Beauty is immortal, and provisional. Specious, and sensational. Rare, and therefore suspect. Donna Tartt wrote of the condition: “Beauty is terror. Whatever we call beautiful, we quiver before it.”
We are now only a year or so away from the long awaited return of David Lynch and Mark Frost’s cult classic to television screens, and anticipation from Twin Peaks fans all over the world has never been higher. Since the return of the show was first announced last year, we’ve seen Twin Peaks inspired pop-up restaurants in the U.K., a new fan documentary called Northwest Passage, and even Twin Peaks themed nightclubs.
There’s an X-Files movie just sitting out there, ignored and unloved by the fandom because the filmmakers decided to try relaunching the series after 6 years off the air without the alien mythos being the backbone of the story. It’s time to revisit it with a new perspective, knowing there will be no aliens.
We’re just over a month away from the return of Netflix’s “Chilling Adventures of Sabrina,“ which is being referred to not exactly as “Season 2” but rather “Part 2.” In any event, all that really matters is that we’re getting brand new episodes, and Netflix’s @SeeWhatsNext Twitter account today provides us with the very first images from those new episodes.
Despite only running for two seasons from 1964-66, the classic television series The Munsters became a staple of American pop culture thanks to decades of re-runs in syndication. For those of you out there too young to have ever seen it, The Munsters was a black and white satire centered around an all-American sitcom family—who just so happened to be classic monsters from the Universal horror films of 1930’s and ’40s. Now a Munsters über-fan at Pop Colorture has painstakingly recolored the opening credits to the original show, and it’s great.
Thanks to its arrival on streaming platforms, the classic Robert Stack-hosted “Unsolved Mysteries” experienced something of a renaissance back in 2017, and at the time, creators John Cosgrove and Terry Dunn Meurer had noted (during a Reddit AMA session) that they were pitching networks on the idea of making brand new episodes of the show.
“We are actively talking to a couple of broadcasters who have shown interest, and we’re very optimistic that we’ll have something by way of new episodes by the end of the year,” Cosgrove subsequently told Decider in 2017. “It’s too early to go into much detail, but we’ve had our research producers look into possible stories and they’ve found some excellent ones which can be ready to go quickly.”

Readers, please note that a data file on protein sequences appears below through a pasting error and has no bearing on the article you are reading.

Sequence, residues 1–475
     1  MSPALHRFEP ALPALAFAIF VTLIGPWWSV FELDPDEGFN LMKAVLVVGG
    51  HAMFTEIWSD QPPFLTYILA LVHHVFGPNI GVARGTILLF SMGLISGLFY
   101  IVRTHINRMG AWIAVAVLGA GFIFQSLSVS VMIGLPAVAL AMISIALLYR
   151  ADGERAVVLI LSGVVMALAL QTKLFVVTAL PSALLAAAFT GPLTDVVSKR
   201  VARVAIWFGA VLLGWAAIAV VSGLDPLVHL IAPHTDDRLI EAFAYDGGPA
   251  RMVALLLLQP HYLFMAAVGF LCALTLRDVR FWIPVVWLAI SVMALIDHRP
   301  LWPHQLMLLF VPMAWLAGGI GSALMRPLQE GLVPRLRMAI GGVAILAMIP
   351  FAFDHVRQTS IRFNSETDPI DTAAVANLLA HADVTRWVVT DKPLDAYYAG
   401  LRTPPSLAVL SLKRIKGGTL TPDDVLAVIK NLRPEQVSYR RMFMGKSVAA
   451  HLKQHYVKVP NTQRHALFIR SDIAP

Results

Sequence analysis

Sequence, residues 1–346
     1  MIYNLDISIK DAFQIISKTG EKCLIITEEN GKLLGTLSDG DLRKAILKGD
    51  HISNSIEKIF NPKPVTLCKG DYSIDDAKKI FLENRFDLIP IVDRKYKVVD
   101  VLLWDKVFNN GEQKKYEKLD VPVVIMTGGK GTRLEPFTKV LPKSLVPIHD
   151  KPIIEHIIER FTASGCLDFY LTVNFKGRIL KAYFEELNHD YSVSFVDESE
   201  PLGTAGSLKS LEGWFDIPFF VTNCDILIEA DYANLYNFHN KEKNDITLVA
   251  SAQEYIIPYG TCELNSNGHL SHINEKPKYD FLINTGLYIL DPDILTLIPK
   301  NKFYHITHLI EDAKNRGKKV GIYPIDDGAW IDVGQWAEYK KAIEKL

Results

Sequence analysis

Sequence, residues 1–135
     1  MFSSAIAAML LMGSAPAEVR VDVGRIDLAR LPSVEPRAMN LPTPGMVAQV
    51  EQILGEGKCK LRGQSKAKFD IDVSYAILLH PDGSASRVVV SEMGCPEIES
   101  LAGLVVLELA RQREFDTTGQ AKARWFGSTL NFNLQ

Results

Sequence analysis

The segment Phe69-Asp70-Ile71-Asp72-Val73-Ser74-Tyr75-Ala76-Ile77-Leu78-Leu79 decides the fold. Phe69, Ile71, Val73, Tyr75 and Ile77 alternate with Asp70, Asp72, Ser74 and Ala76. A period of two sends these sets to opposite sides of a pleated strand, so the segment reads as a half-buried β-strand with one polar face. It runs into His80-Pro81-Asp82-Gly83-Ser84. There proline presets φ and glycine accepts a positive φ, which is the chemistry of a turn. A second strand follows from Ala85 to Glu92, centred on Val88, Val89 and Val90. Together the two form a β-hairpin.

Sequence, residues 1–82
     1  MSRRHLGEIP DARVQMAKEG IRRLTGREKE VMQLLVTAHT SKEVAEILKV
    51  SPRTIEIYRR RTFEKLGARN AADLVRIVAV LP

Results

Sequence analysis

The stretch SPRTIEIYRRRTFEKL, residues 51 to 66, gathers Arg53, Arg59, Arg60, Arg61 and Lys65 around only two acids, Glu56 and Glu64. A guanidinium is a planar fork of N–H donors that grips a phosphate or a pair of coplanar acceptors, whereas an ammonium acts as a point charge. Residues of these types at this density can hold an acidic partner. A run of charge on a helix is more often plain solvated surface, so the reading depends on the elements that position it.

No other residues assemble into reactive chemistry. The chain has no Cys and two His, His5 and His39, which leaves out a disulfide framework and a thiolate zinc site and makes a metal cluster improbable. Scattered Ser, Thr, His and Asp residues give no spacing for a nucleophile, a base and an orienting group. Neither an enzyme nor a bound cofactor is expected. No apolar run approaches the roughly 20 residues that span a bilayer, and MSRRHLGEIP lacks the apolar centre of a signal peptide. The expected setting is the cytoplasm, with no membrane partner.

2019 may be shaping up to be one hell of a year for horror on the big screen, but what about the small screen? Though not as stacked as the slate of feature films heading our way, there’s still a lot of new and very intriguing horror TV series on the horizon. Book and comic adaptations, new seasons of beloved Netflix series, and more. Here are 10 horror series we’re looking forward to this year.
Zachary Quinto, is that you, bro? It is indeed the artist occasionally known as Nu Spock. Buried underneath all that old geezer makeup is Quinto in EW’s exclusive first look at AMC’s adaptation of the Joe Hill novel NOS4A2. In the series, which premieres sometime in 2019, Quinto plays the villainous Charlie Manx – a vampire-esque antagonist who basically sucks the souls out of children keep himself looking young and spry. Using his supernatural Rolls Royce Wraith (which has a vanity plate reading “NOS4A2” – like Nosferatu), he takes the kiddos to a hellscape known as “Christmasland,” where they become dead-eyed, murderous little shits that do his evil bidding. Enter Vic McQueen (played in the series by Ashleigh Cummings), a young woman whose wildly creative mind may hold the key to stopping Manx.
Based on Entertainment Weekly’s description of the plot, the series might diverge from the source material quite a bit:
Ashleigh Cummings plays the show’s heroine Vic McQueen, who is about to enter her senior year at a high school in Massachusetts. “She’s a working-class kid who has such a creative mind that it actually gives her a kind of superpower,” says showrunner Jami O’Brien. “Charlie Manx becomes aware of her and realizes that she may be bad news for him, so he has to figure out pretty quickly what to do about her.”
NBC has put in development a supernatural drama based on The Black Tapes podcast, from Emerald City co-creator Matthew Arnold, podcast creators Paul Bae and Terry Miles, Entertainment 360 and Universal TV.
Written and executive produced by Arnold, Bae and Miles, The Black Tapes adaptation follows a journalist’s investigations into the unexplained supernatural mysteries caught on tape by a skeptical scientist. Each week the two of them embark on a journey exploring the literal and figurative ghosts that haunt them both.
Guymon Casady and Ben Forkner executive produce for 360 Productions. Universal TV is the studio.
In the podcast, host Alex Reagan narrates a nonfiction-styled fictional story over multiple episodes, using a format that has been compared to Serial. The story begins as a biography of paranormal investigator Dr. Richard Strand, an “evangelical skeptic” on a mission to debunk all claims of the supernatural. Reagan becomes interested in his collection of unsolved cases, which she begins calling his “Black Tapes,” and the podcast evolves into an exploration of these cases, paranormal culture, and the mysterious life of Dr. Strand.